632 Hope Street
Providence, RI 02906
Why Does The Pharmacist Ask Me A Lot Of Questions?
The products sold in a pharmacy can make you feel better, but if they’re taken incorrectly some can be extremely harmful. Pharmacists and their staff have the product knowledge and skills to make sure you buy the medicines that are right for you – but to give you the best advice they may need some extra information.
The questions you may be asked are used to find out what product best suits your needs from the huge range at the pharmacist’s disposal and to ensure that you don’t take something that could actually cause you harm.
Who is the medicine for?
The pharmacist will need to know if the medicine is for someone who is under 12, pregnant, breast feeding or elderly because they are highly likely to have particular requirements – for example, many medicines aren’t suitable for the under-12s, and some have ingredients that could harm an unborn child or small baby. The elderly are very likely to be taking more than one medicine and some medicines can’t be taken together.
What are the symptoms?
Some more serious conditions can be hidden by symptoms that appear to be for less serious problems. For example meningitis, malaria and some other conditions have similar symptoms to ‘flu, but they can be fatal if they’re not identified early enough.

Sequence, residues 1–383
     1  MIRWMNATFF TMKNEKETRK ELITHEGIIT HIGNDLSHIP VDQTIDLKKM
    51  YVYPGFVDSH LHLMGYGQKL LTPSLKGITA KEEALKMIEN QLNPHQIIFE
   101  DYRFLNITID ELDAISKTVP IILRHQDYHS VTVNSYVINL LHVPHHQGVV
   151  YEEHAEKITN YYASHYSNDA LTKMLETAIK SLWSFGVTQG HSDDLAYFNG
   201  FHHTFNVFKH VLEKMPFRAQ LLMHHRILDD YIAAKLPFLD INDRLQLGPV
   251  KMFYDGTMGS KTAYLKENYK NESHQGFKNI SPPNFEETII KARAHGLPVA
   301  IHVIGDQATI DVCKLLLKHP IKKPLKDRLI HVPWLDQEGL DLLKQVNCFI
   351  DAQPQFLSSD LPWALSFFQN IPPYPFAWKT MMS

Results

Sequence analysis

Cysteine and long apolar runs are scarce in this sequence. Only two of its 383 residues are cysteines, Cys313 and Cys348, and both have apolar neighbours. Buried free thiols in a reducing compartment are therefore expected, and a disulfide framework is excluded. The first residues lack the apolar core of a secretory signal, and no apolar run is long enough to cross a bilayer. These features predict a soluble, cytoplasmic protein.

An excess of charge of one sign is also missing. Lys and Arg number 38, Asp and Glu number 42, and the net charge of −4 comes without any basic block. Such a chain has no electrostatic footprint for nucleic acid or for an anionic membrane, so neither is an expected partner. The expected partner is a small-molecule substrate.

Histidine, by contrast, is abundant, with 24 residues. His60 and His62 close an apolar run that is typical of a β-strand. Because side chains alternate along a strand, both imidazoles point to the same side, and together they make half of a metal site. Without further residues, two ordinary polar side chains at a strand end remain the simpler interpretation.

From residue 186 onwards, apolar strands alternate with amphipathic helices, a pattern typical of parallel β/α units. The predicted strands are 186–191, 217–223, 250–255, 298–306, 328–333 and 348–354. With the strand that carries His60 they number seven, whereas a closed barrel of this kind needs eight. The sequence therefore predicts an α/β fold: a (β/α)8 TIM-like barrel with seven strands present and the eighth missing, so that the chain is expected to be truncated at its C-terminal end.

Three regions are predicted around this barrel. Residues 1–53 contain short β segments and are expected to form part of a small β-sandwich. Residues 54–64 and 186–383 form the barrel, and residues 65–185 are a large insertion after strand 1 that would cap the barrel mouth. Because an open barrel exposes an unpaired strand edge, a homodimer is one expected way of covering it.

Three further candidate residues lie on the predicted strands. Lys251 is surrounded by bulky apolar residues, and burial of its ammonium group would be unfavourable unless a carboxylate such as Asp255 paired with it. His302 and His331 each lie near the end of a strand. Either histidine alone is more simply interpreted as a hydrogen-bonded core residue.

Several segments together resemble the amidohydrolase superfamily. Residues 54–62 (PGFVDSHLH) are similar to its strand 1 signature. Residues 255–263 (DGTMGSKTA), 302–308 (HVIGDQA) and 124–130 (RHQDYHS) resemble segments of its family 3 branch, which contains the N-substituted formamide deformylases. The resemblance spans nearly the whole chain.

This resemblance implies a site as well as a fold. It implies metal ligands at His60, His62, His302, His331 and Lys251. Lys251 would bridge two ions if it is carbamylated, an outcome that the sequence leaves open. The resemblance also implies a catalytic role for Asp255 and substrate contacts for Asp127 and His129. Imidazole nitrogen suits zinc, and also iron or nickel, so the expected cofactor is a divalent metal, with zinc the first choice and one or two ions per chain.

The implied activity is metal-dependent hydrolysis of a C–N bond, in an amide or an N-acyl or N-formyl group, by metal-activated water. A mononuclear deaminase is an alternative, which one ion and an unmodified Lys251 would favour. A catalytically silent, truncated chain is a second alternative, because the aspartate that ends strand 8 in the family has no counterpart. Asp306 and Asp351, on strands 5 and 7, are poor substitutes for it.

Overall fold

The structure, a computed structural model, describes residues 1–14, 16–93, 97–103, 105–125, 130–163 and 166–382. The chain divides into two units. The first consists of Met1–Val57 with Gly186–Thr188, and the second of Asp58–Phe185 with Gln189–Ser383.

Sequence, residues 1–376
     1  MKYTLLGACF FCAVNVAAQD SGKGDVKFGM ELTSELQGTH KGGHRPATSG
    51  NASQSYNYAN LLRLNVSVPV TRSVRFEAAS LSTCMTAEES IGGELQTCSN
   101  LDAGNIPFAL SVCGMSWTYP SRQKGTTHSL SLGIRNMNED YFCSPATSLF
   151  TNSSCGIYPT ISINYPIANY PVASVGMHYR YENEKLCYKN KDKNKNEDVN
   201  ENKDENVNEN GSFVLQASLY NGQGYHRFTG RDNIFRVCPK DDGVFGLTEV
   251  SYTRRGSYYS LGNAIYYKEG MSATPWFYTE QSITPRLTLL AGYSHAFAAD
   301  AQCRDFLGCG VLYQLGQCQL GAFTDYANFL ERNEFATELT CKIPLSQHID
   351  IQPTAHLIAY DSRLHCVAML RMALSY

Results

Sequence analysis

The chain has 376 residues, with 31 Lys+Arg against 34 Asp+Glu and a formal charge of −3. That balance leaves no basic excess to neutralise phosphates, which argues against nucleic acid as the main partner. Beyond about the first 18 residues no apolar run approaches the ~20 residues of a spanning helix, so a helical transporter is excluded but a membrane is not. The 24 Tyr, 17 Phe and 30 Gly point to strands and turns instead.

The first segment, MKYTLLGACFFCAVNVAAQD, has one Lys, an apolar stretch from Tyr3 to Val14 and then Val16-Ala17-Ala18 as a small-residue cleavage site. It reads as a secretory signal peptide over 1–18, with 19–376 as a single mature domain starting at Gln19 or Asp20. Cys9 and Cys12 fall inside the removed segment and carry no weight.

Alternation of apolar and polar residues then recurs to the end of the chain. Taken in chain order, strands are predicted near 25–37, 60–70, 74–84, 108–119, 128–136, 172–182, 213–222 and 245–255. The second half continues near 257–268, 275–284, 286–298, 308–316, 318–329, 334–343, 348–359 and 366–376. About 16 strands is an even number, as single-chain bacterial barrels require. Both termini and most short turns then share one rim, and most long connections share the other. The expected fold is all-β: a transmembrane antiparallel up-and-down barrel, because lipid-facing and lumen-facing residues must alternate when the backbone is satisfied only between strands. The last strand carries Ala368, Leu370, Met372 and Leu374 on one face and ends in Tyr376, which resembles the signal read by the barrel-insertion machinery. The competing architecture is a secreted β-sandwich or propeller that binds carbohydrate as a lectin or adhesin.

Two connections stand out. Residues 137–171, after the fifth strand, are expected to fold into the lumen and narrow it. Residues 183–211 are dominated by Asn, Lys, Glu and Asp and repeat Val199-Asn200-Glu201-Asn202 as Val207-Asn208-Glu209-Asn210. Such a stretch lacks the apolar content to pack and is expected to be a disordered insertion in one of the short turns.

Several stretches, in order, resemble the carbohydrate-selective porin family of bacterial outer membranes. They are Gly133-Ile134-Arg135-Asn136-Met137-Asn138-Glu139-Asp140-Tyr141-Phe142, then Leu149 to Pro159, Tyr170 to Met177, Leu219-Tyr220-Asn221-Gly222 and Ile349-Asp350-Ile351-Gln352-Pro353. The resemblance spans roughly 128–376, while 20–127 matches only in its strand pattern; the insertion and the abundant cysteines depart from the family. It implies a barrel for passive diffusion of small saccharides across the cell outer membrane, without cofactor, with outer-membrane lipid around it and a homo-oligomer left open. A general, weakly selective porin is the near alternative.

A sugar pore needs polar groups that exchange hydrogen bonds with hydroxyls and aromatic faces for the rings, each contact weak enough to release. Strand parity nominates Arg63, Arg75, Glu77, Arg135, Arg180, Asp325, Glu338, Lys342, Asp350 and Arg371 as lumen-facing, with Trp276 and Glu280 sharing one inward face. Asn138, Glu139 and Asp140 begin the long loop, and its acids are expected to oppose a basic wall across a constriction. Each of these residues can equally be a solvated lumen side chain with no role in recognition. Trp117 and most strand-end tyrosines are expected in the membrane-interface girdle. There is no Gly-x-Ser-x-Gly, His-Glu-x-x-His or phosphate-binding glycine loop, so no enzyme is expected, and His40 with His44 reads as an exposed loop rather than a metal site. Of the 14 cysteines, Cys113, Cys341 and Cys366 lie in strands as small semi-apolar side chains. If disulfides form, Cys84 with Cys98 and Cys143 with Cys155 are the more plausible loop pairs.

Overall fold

How long have you had these symptoms?
Usually minor symptoms clear up within a couple of days but if they last longer, keep coming back or, if they seem unusually severe it could be a sign of something more seriously wrong. Your pharmacist will be able to advise you if you need to see your GP or another healthcare professional.
What action has already been taken?
You may already have tried a remedy or seen your GP, and may not have had any relief. The pharmacist will need to find out what you have tried, and what advice you have already been given, if any. They don't want to offer the same product if it has not worked in the first place.
Are you taking any other medication for this or any other reasons?
If you are taking medicines long term, for example to keep your blood pressure down or to ease arthritis pain, it’s easy to forget about it when you’re looking for something to relieve your cold. But it could be important – for example, some medicines for depression can react with decongestants. Other people with stomach ulcers can do a lot more damage if they take something that contains aspirin.
Requests for medicines by name
If you ask for a medicine by name, perhaps because you’ve used it before, the pharmacist or a counter assistant may still ask you some questions or give you advice proactively. This may be because a medicine can do some damage if you take it constantly or too often. Alternatively, they may be able to suggest something that might be more effective